Improving preeclampsia risk prediction by modeling pregnancy trajectories from routinely collected electronic medical record data

In this study, we explored modeling the risk of preeclampsia by reconstructing pregnancy journeys across tens of thousands of pregnancies through electronic medical record (EMR) data in addition to pre-and post-pregnancy data. Preeclampsia, a pregnancy complication, has been a leading cause of maternal mortality in the U.S. over the past two decades,3 and can lead to serious complications for both the mother and the fetus.  The mechanisms underlying preeclampsia have not been fully recognized and the only treatment for this condition is delivery. Thus, a personalized, precision medicine approach is needed to characterize preeclampsia risk and identify patients at risk of this condition earlier to better monitor, manage, and optimize therapeutic strategies, improve clinical outcomes, and lower adverse events.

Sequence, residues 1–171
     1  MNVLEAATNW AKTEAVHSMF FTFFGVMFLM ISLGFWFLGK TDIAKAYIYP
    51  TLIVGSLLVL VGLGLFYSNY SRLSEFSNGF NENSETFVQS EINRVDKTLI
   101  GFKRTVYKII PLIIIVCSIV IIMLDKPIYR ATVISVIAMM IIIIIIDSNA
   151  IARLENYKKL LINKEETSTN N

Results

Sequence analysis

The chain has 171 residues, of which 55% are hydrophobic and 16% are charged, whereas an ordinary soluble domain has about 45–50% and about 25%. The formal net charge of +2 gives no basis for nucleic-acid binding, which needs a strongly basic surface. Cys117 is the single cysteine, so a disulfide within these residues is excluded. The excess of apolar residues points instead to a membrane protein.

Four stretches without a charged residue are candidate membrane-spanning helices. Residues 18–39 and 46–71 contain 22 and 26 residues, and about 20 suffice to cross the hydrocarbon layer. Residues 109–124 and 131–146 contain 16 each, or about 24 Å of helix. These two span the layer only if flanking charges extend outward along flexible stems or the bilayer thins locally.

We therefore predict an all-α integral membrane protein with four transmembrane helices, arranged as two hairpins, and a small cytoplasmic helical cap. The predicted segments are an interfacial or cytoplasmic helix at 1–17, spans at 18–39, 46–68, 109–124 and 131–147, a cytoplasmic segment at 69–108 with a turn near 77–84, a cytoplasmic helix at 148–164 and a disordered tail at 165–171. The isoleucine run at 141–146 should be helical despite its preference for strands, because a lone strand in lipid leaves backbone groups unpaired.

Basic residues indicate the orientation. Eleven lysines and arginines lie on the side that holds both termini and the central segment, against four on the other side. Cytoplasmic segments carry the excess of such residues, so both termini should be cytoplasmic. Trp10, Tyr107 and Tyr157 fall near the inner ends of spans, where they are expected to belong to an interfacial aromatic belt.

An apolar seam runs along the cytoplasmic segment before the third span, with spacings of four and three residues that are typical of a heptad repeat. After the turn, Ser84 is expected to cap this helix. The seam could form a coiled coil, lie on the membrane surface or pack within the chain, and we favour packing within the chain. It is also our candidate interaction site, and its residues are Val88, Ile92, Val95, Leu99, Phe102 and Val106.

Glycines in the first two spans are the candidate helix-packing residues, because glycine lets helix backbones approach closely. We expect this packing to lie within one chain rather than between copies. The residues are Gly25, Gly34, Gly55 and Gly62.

The models we developed leverage dynamic characteristics along the pregnancy journey, capturing predictive features based on longitudinal data across each time protocol visit at the antepartum, intrapartum, and postpartum stages. One of the key findings across the three pregnancy stages was that systolic blood pressure (SBP) predicts the risk of preeclampsia at 130 mmHg, which contrasts with the diagnostic guidelines of 140 mmHg defined by American College of Obstetricians and Gynecologists (ACOG). As the first data-driven effort to predict preeclampsia events across the entire journey, we were able to capture important features contributing to preeclampsia prediction, and some of the findings give further credence to the underlying mechanisms associated with preeclampsia. Click the link below to read the full study and learn more about our additional findings.